Monsoon flooding death toll rises to 164 in South Asia
More than 147,000 people have taken shelter in government-run camps across India's Assam state
The death toll in monsoon flooding in South Asia has climbed past 160 as millions of people and animals continue to face the brunt in three countries, officials said Saturday.
At least 90 people have died in Nepal and 62 in northeastern India's Assam state over the past week. A dozen have been killed in flooding in Bangladesh.
Shiv Kumar, a government official in Assam, said 10 rare one-horned rhinos have died in Kaziranga National Park since the Brahmaputra River burst its banks, flooding the reserve.
Some 4.8 million people spread over 3,700 villages across the state are still affected by the floods, though the frequency of rains has decreased in the past 24 hours, the Assam Disaster Response Authority said. The authority said 12 bodies of residents from different areas were recovered on Saturday.
More than 2.5 million people have been impacted by flooding in northeastern India's Bihar state.
A young woman gave birth to her first child on a boat in floodwaters early Friday while on her way to a hospital in Assam's flooded Gagalmari village. The newborn girl and her 20-year-old mother, Imrana Khatoon, were brought back to their home without getting to the hospital.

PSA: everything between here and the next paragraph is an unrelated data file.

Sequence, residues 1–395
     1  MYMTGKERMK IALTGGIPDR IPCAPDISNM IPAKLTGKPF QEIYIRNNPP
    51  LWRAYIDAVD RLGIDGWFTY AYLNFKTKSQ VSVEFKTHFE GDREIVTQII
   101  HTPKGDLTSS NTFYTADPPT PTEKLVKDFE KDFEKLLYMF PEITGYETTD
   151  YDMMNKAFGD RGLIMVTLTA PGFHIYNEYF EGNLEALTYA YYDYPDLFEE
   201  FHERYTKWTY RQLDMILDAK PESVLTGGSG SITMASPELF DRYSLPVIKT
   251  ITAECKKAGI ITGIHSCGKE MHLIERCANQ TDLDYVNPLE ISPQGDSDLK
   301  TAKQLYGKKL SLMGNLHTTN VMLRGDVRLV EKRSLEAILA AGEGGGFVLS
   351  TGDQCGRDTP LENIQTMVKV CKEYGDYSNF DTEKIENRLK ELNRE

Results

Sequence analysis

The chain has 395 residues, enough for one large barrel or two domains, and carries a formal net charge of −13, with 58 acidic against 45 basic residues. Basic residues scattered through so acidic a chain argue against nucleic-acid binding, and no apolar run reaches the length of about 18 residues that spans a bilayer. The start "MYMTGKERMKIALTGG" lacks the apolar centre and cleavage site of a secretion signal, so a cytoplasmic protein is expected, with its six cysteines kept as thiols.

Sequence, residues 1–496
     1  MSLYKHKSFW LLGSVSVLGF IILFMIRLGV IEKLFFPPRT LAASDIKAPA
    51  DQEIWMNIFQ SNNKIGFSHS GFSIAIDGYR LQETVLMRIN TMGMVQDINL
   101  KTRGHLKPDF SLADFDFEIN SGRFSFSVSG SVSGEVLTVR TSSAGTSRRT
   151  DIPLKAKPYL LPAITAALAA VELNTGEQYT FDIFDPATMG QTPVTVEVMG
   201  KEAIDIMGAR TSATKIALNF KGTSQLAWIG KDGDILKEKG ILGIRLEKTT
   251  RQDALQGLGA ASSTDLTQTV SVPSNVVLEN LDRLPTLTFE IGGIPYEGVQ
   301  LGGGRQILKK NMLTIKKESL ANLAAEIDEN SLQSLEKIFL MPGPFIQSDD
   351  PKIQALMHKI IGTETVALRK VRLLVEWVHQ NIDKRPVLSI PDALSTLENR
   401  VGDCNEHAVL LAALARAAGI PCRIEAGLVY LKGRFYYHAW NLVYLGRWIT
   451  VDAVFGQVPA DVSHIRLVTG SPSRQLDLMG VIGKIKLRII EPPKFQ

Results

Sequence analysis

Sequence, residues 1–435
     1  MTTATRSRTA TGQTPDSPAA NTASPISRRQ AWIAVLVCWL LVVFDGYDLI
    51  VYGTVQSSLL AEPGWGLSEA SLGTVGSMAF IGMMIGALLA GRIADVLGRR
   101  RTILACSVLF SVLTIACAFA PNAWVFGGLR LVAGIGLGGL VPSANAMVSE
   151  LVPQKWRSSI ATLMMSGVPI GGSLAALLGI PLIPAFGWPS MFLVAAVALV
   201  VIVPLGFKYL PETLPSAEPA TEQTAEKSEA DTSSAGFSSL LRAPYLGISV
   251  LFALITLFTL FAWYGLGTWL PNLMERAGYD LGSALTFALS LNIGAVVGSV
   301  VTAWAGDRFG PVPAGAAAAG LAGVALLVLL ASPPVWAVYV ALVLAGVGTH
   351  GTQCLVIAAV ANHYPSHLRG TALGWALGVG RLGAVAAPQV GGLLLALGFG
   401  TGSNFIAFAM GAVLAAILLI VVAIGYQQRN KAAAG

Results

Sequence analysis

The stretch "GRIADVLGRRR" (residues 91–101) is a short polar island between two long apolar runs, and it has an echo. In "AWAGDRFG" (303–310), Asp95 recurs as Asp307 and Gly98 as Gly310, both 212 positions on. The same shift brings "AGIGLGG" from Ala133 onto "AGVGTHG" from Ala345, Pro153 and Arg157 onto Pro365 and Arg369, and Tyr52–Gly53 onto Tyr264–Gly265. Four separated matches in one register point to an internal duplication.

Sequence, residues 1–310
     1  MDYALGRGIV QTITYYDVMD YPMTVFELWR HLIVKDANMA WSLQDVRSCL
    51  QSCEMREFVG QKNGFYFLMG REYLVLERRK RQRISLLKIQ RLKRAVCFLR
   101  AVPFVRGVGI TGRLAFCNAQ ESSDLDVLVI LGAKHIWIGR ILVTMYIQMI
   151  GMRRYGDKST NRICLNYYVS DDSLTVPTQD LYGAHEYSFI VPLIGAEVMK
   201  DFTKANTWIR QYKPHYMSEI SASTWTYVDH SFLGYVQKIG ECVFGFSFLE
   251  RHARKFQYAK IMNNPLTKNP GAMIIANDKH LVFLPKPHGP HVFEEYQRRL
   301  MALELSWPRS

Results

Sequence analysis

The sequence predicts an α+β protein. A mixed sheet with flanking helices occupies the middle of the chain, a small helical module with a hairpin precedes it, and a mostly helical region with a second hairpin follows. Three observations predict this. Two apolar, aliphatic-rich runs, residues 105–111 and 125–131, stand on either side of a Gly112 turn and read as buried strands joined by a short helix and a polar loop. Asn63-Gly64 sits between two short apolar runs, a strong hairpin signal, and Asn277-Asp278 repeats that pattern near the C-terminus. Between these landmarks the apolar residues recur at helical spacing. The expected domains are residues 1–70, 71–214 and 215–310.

Community health official Parag Jyoti Das, who visited the family, said there were no post-delivery health complications. However, the mother and the baby were moved by boat to a hospital in the nearby town of Jhargaon because of unhygienic conditions due to floodwaters, Das said. The health centre in Khatoon's village was flooded and closed.
"I would have felt happier if the baby's father was here," Khatoon, whose husband works in a hotel in the southern state of Kerala, told The Associated Press.
More than 147,000 people have taken shelter in 755 government-run camps across Assam, officials said.
Authorities warned they would take action against suppliers who were reported to be distributing poor quality rice and other essentials to marooned people and inmates of temporary shelters at some places.
"We have ordered the arrest of those unscrupulous elements supplying substandard materials and playing with the lives of the affected people," said Himanta Biswa Sarma, Assam's finance minister.
In Nepal, the Home Ministry said about 36,728 families were affected by the monsoon rains. The flooding and mudslides forced some 13,000 families to flee their homes.
In at least two of Nepal's districts, helicopters were used to transport emergency food supplies, while other transport means were being used to move tents and other supplies to the victims.
South Asia's monsoon rains, which hit the region from June to September, are crucial for the rain-fed crops planted during the season.